links to APR docs).
-<li>Potential compatibility issues with future APR development (e.g. on extension boundaries).
-<li>Some space for confusion in open community, especially for those experienced in
APR applications.
+<li>Need for duplication of headers and documentation, though  redirection links
+  to APR docs can be used to work around this flaw. 
+<li>Potential compatibility issues with future APR development, for instance, on
+  extension boundaries.
+<li>Potential confusion in the open community, especially for those experienced in
+  APR applications.
 </ul>
 
 <h3>2. Directory structure</h3>
 
-Porting functionality is split to several groups (atomics, file I/O, mempools, etc). Each
group has a base directory, which contains subdirectories with actual code. These subdirectories
are named after the platforms and/or architectures they are compiled on. If there is a strong
dependency on both OS and machine architecture, the subdirectory name should combine both.
For example:
-<pre>
-   Port
-	|
-	 -> file_io
-	|	|
-	|	 -> linux
-	|	|
-	|	 -> windows
-	|
-	 -> atomics
-		|
-		 -> linux_em64t
-		|
-		 -> linux_ia32
-		|
-		 -> windows
+Porting functionality is split to several groups: atomics, file I/O, mempools, etc.
+Each group has a base directory, which contains subdirectories with actual code.
+These subdirectories are named after the platforms and/or architectures they are
+compiled on. If there is a strong dependency on both OS and machine architecture,
+the subdirectory name should combine both. The current directory structure looks
+as follows:
+<pre>port
+|->build
+|->doc
+|->include
+|  ->tl
+ ->src
+  |->atomic
+  | |->linux
+  | |->linux_ipf
+  |  ->win
+  |->barriers
+  |  ->linux_ipf
+  |->crash_handler
+  | |->em64t
+  | |->ia32
+  | |->include
+  | |->ipf
+  | |->linux
+  | |  ->include
+  |  ->win
+  |->disasm
+  | |->linux
+  |  ->win
+  |->encoder
+  |  ->ia32_em64t
+  |->file_io
+  | |->linux
+  |  ->win
+  |->lil
+  |  ->em64t
+  |->logger
+  |->malloc
+  |->memaccess
+  | |->linux
+  |  ->win
+  |->misc
+  | |->linux
+  |  ->win
+  |->modules
+  | |->linux
+  |  ->win
+  |->signals
+  | |->include
+  | |->linux
+  |  ->win
+  |->thread
+  | |->linux
+  |  ->win
+  |->time
+  |->tl
+   ->vmem
+    |->linux
+     ->win	 
 </pre>
+<p>
+Public headers are kept in a separate base directory named <code>include/</code>.
+Implementation headers may be kept in the source directories.
+
+<h3>3. Memory management</h3>
+
+The port layer contains wrappers for standard memory allocation functions in the <code>port_malloc.h</code>
file.
+They are presented as defines with names like <code>STD_MALLOC</code> for malloc,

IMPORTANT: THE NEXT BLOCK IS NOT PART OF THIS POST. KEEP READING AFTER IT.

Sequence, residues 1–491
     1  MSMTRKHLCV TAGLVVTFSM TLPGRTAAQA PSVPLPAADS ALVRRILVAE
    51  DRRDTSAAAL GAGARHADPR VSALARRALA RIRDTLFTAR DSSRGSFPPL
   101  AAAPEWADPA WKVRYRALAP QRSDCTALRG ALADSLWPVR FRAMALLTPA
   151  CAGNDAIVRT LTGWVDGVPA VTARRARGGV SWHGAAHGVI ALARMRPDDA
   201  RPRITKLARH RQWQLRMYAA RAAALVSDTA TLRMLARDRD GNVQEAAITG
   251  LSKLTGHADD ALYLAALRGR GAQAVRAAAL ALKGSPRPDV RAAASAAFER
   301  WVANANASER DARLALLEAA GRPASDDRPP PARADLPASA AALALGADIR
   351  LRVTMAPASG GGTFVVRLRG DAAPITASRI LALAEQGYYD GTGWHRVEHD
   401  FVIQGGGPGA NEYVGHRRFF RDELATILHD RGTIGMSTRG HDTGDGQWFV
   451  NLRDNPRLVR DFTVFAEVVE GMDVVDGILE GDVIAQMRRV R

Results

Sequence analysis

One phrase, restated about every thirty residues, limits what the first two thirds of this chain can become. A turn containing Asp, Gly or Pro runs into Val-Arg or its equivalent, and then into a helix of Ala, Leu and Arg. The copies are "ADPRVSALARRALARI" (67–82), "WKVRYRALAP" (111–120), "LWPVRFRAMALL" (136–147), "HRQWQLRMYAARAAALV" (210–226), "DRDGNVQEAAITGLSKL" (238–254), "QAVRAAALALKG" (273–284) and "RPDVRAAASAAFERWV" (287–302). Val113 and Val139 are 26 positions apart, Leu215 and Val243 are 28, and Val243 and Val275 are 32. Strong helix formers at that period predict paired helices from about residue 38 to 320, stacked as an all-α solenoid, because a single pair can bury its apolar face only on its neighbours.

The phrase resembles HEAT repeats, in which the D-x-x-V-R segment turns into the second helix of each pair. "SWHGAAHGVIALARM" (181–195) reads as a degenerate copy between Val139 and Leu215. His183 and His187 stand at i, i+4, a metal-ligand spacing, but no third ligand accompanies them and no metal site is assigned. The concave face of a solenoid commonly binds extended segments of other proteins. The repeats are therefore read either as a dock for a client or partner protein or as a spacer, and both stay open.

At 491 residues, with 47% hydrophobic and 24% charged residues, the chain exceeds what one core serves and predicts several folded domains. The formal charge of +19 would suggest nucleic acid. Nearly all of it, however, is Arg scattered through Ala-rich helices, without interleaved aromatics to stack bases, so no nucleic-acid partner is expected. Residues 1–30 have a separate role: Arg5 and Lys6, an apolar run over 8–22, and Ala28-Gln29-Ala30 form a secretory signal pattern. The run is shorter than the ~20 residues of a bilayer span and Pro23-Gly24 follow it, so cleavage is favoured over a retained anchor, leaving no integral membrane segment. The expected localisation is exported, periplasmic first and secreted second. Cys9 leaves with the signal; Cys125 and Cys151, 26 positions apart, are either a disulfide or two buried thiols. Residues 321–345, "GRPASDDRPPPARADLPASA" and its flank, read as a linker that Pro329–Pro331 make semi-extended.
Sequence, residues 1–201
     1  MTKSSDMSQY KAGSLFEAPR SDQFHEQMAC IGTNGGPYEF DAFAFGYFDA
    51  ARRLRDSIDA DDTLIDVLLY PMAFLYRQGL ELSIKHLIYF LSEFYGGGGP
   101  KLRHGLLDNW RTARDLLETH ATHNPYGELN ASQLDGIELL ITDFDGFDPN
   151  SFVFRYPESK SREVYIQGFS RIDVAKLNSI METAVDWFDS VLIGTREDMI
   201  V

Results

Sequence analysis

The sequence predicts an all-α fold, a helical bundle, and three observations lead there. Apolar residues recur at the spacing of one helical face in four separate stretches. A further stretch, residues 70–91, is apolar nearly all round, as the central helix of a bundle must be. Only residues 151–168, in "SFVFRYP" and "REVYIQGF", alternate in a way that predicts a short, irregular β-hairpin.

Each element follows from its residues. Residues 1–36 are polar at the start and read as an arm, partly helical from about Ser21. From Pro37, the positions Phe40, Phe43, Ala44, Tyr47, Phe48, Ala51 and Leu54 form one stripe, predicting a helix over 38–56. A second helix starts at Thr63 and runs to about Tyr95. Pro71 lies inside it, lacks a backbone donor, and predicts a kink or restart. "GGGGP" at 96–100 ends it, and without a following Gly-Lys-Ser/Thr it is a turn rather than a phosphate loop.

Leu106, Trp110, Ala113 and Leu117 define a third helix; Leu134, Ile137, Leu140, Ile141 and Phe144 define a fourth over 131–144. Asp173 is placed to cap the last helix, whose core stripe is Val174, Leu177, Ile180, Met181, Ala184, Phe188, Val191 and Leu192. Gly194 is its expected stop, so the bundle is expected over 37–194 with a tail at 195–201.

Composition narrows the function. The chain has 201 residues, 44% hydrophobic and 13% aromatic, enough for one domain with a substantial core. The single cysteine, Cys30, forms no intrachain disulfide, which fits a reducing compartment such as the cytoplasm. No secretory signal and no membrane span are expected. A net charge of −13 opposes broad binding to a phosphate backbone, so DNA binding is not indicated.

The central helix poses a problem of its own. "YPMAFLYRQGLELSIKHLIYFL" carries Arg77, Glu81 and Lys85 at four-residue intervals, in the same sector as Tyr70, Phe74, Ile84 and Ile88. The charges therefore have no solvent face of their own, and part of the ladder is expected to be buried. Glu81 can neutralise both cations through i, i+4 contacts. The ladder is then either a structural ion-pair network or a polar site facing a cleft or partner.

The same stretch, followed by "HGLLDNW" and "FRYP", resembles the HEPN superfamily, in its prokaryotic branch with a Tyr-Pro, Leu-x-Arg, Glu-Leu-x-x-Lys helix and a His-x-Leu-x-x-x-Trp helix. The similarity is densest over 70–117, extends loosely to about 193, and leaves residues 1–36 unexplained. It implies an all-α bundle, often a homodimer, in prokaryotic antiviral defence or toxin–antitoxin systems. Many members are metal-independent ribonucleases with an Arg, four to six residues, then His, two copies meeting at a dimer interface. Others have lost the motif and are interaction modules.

<code>STD_FREE</code> for
+free etc. By default, they are simply equal to relative functions, but if <code>_MEMMGR</code>
is
+defined, they are replaced with another set of functions like <code>port_malloc</code>,
<code>port_free</code> etc.
+These functions provide additional functionality at the expense of lower performance.
+<p>
+Newly provided features:
+
+<ul>
+<li>Report allocation and de-allocation log
+<li>Check and report double free calling
+<li>Report not freed memory at VM shutdown
+<li>Provide precise info about currently used memory via the <code>java.lang.management</code>
interface
+<li>Provide separate memory allocation for the stress running conditions, like after
+  crash handler occurring
+</ul>
+
+<h4>Instructions on using these features</h4>
+<p>To switch on allocation and de-allocation logging, define the <code>_MEMMGR_LOG</code>
macro.
+  This macro also enables double free calling notifications. </p>
+<p>For the final not freed
+        memory reporting, define the <code>_MEMMGR_REPORT</code> macro. </p>
+<p>
+Currently, the stress memory allocator is defined not yet implemented, and just
+  redirects to standard malloc. To switch on stress allocation, define the <code>STRESS_MALLOC</code>
macro.
+    <p>
+The memory management module cannot use port logging because it leads to infinite
+  recursion. Its own primitive logging system uses the file in the current directory
+  with name <code>malloc.log</code> for
+  both logging and reporting. A different file name and location can be defining <code>MALLOC_LOG_FILE_NAME</code>.
+    <p>
+Used memory could be obtained by means of the <code>java.lang.management</code>
interface.
+It is presented as non-heap memory pool with name <code>Native Memory Pool</code>.
+Different pool name could be set by redefining <code>NATIVE_POOL_NAME</code>.
 
-Public headers are kept in a separate base directory named include. Implementation headers
may be kept in source directories?
 
-<h3>3. Build system</h3>
+    <h3>4. Build system</h3>
 
-Currently we reuse VM build system  based on MakeCommon. <br>
+Currently we reuse VM build system. <br>
 TODO - document platform defines and macros.
 
-<h3>4. APR issues </h3>
+<h3>5. APR issues </h3>
 <ul>
-<li>	Non-buffered file I/O on Windows has bad support for <code>apr_file_eof();</code>
-<li>	On Windows, <code>apr_dso_load()</code> fails on NULL path - 
-		which is meant for obtaining a handle for the calling module itself;
+<li>	Non-buffered file I/O on Windows* OS has bad support for <code>apr_file_eof()</code>
+<li>	On Windows OS, <code>apr_dso_load()</code> fails on NULL path - 
+		which is meant for obtaining a handle for the calling module itself
 </ul>